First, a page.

Eight  Questions for Rais Yatim about justice and the rule of law in Malaysia


Media Statement
by Lim Kit Siang
 

(Petaling Jaya,  Saturday): Minister in the Prime Ministerís Department, Datuk Dr. Rais Yatim declared yesterday that the government would take action against those who break the law, including the Sedition Act and Official Secrets Act. He said offenders would have to face the music and not expect leniency from the Government.

He said this tough stand applied not only to opposition politicians but also those in the Government.

He said: "This applies to everyone.  The word is now out. Everyone should respect the laws of the country".

It is sad that Rais has become the purveyor of the Barisan Nasional double-speak, for what he meant when he said that "the word is now out" is that those in Opposition are going to be  hounded and persecuted by all the draconian laws of the land while those in Government would continue to enjoy immunity from prosecution, including from corruption laws.

Rais is not being sincere and genuine when he said that the laws of the country must be respected by all - for Malaysians know of a group who need not respect the laws of the land.

Rais is also not being honest with himself when he said that the people should leave it to the court to decide if the charges against three Opposition politicians were justified.

Let Rais answer the followingeight  questions on the system of justice in Malaysia before he continues to mislead the Malaysian public with statements which  he himself could not, in good conscience,  sincerely and  honestly hold:
 

  1. Does Rais agree that in Malaysia there is no  rule of law  but only rule by law - resulting in the wide gulf between  law and justice to the extent that courts of law have ceased to be courts of justice.
  2. Does Rais agree that the independence of the judiciary which suffered it first and worst assault in the judiciary crisis in 1988 had not been restored, and what is worse,  the crisis of confidence in the independence and integrity of the judiciary has reached  an even more critical stage today as compared to 12 years ago.
  3. Does Rais agree that Parliament has not only failed to protect the rule of law and fundamental freedoms, but has aided and abetted in their serious violations?
  4. Does Rais agree that the independence of lawyers, together with independence of the judiciary, are two important prerequisites for the rule of law and that the arrest and prosecution  of Karpal Singh for statements made in court while discharging his duties as counsel for former Deputy Prime Minister, Datuk Seri Anwar Ibrahim amounts to another major assault on the rule of law in attacking the independence and  immunity of lawyers in court.
  5. Rais said that there is no immunity enjoyed by lawyers in court.  Before the general election, even the Prime Minister, Datuk Seri Dr. Mahathir Mohamad conceded that Karpal Singh enjoyed immunity for what he said in court and this was why the Prime Minister and another Cabinet Minister with legal background, the Foreign Minister, Datuk Syed Hamid Albar, were talking about enacting a special Contempt Act to remove such an immunity.  When did the government change its mind that lawyers enjoy immunity for what they say in court and are only subject to contempt proceedings?  Is this Raisí first unique contribution as Minister in charge of law and justice in the new Cabinet?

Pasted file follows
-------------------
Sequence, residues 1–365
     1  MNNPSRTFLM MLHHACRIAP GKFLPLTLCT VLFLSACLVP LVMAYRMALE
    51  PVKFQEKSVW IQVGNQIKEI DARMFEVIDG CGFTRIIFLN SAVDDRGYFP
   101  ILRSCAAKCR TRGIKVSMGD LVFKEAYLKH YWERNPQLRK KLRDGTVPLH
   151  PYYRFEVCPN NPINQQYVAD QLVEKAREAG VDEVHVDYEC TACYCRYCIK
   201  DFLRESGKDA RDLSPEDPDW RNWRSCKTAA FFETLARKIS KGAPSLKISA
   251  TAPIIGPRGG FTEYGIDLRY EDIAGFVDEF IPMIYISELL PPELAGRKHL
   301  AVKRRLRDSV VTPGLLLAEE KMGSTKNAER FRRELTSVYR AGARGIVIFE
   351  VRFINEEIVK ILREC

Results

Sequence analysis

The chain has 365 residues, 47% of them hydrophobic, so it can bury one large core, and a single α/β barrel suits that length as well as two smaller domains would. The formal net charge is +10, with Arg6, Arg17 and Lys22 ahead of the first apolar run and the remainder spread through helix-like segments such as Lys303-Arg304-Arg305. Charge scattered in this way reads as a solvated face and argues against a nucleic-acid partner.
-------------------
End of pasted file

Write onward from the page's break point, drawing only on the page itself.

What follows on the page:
6. Rais said that Karpalís prosecution will be the first test case in Malaysia and the Commonwealth countries where a lawyer is prosecuted for  what he said in court.  As Minister responsible for law and justice well-versed in legal traditions, did he caution the Cabinet and the Attorney-General that scoring such a "first" in Commonwealth countries by attacking the immunity of lawyers for what they say in court is not going to redound to the credit of the Malaysian government and  is not something  to be proud of - but  a most shameful and dishonourable decision  as showing a country and government which has utter contempt for the rule of law?
  7. Parti Keadilan Nasional Vice President Marina Yusoff has been charged with sedition for saying that UMNO leaders had started the May 13 riots in 1969.  Would Barisan Nasional leaders be similarly prosecuted for sedition if there are proof that they had alleged that Opposition parties started the May 13 riots in 1969?
  8. Parti  Keadilan Nasional youth chief,  Mohamad Ezam Mohamad Nor was charged under the Official Secrets Act for disclosing classified Anti-Corruption Agency reports to reporters last November.  The reports were in connection with ACA investigations into International Trade and Industry Minister Datuk Seri Rafidah Aziz and the former Malacca Chief Minister Tan Sri Rahim Tamby Cik. Ezam had told reporters then that the reports were posted to his house by an unknown person several days earlier. Both these ACA reports were the subject of police reports by Anwar Ibrahim and had been posted up on the Internet for access by Malaysians.  In prosecuting Mohamad Ezam, the government is confirming that these are genuine ACA reports. Ezam may or may not be  be guilty technically of an offence under the Official Secrets Act, but the more important question is why the ACAís recommendations for the prosecution of Rafidah and Rahim Tamby Cik for corruption had not been acted upon.  Will Rais press in the Cabinet next Wednesday that while Ezam is being prosecuted for the technical offence under the Official Secrets Act with regard to the two ACA reports on Rafidah and Rahim, both Rafidah and Rahim should be prosecuted for corruption as recommended by the Anti-Corruption Agency in accordance with his statement yesterday of the governmentís new tough stand that "offenders - whether opposition or government  -  would have to face the music and not expect leniency from the Government"?

(15/1/2000)


*Lim Kit Siang - DAP National Chairman